In order to recognise given income as a tax base, a taxpayer is obliged to keep proper accounting records. If it is not possible to determine income (or loss) on the basis of records kept by a taxpayer, the income (or loss) shall be assessed by tax authorities.


9. Collection of tax

In the course of the year taxpayers are obliged to transfer to the bank account of a tax office monthly tax advance payments in the amount of the difference between the tax due on the income earned from the beginning of the tax year and total advance payments due in preceding months. Monthly tax advance payments shall be remitted by taxpayers by the 20th day of each month for the preceding month. There is no obligation to submit monthly tax returns.

A final settlement of tax is deemed to be finalised on the day a yearly tax return is submitted by a taxpayer to the tax office and the tax due is paid. This should be done at the end of the third month of the year following the tax year at the latest [4].

The CIT Act provides for a simplified form of calculation and payment of the tax advance payments. Taxpayers are entitled to make monthly advance payments in the amount of 1/12 of the tax due, as calculated in the yearly tax statement for the year preceding given tax year. If there was no tax due in the said statement, taxpayers are entitled to make monthly advance payments in the amount of 1/12 of the tax due, as shown in the yearly tax statement for the year preceding by two years a given tax year.

The so-called “small entrepreneurs” who launch their business activities may benefit from the so-called tax credit. This is a relief consisting in deferral of tax on income generated in the first tax year. The taxpayer is also relieved from filing a tax return for that year. The tax due with reference to such income shall be paid by taxpayers in installments within the next 5 consecutive years.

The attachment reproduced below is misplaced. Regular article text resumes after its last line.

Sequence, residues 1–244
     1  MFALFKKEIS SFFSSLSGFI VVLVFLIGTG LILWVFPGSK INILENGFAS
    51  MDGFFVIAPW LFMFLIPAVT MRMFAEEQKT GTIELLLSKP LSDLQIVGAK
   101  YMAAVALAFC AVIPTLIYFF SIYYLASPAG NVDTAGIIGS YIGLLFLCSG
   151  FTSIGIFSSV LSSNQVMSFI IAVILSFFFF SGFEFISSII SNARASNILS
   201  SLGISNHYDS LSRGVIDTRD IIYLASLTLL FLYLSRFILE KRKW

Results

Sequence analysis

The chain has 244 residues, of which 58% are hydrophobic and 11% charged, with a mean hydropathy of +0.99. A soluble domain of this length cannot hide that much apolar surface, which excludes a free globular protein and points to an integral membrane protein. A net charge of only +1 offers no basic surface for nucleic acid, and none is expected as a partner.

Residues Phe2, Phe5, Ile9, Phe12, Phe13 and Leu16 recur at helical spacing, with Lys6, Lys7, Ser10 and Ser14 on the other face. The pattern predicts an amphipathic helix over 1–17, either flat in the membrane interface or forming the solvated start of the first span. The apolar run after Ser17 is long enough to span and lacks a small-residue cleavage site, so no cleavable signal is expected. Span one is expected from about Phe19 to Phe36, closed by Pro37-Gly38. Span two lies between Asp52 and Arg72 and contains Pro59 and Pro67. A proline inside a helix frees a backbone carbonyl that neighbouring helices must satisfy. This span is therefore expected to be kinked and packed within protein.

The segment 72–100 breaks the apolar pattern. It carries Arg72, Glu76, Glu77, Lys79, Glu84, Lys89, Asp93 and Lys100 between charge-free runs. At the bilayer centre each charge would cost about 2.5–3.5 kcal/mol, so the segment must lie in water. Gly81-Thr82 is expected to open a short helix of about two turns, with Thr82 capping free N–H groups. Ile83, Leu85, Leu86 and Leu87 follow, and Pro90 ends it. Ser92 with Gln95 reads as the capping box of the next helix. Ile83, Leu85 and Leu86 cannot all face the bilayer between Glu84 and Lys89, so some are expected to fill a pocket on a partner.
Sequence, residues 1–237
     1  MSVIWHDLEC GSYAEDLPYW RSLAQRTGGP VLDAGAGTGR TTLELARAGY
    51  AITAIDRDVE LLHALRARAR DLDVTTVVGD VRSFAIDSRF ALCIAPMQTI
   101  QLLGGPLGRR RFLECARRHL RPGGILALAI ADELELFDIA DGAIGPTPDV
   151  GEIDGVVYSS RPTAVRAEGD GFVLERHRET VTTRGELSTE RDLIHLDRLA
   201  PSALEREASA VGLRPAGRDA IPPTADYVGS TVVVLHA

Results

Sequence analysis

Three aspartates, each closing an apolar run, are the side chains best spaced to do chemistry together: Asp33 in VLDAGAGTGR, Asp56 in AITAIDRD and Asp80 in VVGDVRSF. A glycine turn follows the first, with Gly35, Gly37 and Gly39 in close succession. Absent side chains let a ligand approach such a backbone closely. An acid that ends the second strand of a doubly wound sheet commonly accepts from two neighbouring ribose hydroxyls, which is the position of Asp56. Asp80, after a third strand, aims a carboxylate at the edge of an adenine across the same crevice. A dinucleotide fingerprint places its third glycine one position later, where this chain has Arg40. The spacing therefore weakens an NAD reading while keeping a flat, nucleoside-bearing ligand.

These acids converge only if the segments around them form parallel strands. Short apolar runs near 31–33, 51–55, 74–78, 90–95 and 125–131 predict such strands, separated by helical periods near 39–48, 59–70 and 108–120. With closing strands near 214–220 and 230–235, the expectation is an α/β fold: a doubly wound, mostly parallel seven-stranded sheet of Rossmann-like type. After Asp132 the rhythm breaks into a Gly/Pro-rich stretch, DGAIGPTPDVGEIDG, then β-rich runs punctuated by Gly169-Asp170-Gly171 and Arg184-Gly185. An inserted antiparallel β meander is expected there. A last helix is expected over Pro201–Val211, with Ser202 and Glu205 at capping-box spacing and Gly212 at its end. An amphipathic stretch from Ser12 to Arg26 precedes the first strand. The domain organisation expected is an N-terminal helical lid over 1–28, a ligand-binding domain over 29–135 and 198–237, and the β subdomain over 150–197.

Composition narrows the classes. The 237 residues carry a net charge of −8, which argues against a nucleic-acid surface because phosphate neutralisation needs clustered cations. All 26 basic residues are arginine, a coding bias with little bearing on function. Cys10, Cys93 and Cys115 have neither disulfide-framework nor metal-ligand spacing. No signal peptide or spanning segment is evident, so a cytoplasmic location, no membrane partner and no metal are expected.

[1] One of the cases in question refers only to taxpayers with their limited tax liability in Poland, who earned inter alia the following revenues within the territory of Poland: from interest, copyrights or similar rights, rights to invention designs, trade marks and design patterns, know-how, or from other immaterial services (eg. advisory services, market research services, management and control services, guarantee and assurance services). As a rule, these revenues are subject to 20% tax rate, unless an appropriate double taxation treaty provides otherwise. Taxpayers with limited tax liability in Poland who receive due payments while acting as foreign sea trading companies, as well as those who earn revenues in Poland while acting as foreign air transportation companies, are subject to 10% tax imposed on these revenues, unless an appropriate double taxation treaty provides otherwise. It should be noted that application of the tax rate resulting from the appropriate double taxation treaty or non-collection of the tax according to the provisions of such treaty is permitted, provided that the tax residence of taxpayer is proved by the so-called certificate of tax residence, issued by appropriate tax authorities.


[2] The tax capital group may be formed by a group of capital-related commercial companies having their seats in Poland. An average share capital of the companies may not be lower than PLN 1.000.000. The direct share of a “dominant company” in the capital of „dependent companies” must amount to 95%. The so-called profit index (i.e., the ratio of income to total revenue of the group) should account for at least 3%.


[3] In the case of transformations (including mergers and divisions), except for transformations of commercial companies into another commercial companies, while assessing the taxable income, the losses of taxpayers subject to such transformation, merger, take-over or division are not taken into account; the same applies in the case of privatisation of State enterprises.


[4] Additionally, within 10 days following the day the annual financial statements were approved, the taxpayer should submit the financial statements together with the audit opinion and the report of an entity entitled to examine financial statements (if the audit was necessary). The companies should also attach a copy of the resolution of the legal body approving the financial statements.


Last update: January 2010

Prepared for the Polish Information and Foreign Investment Agency by:

Polish Investment and Trade Agency

Krucza St. 50

00-025 Warsaw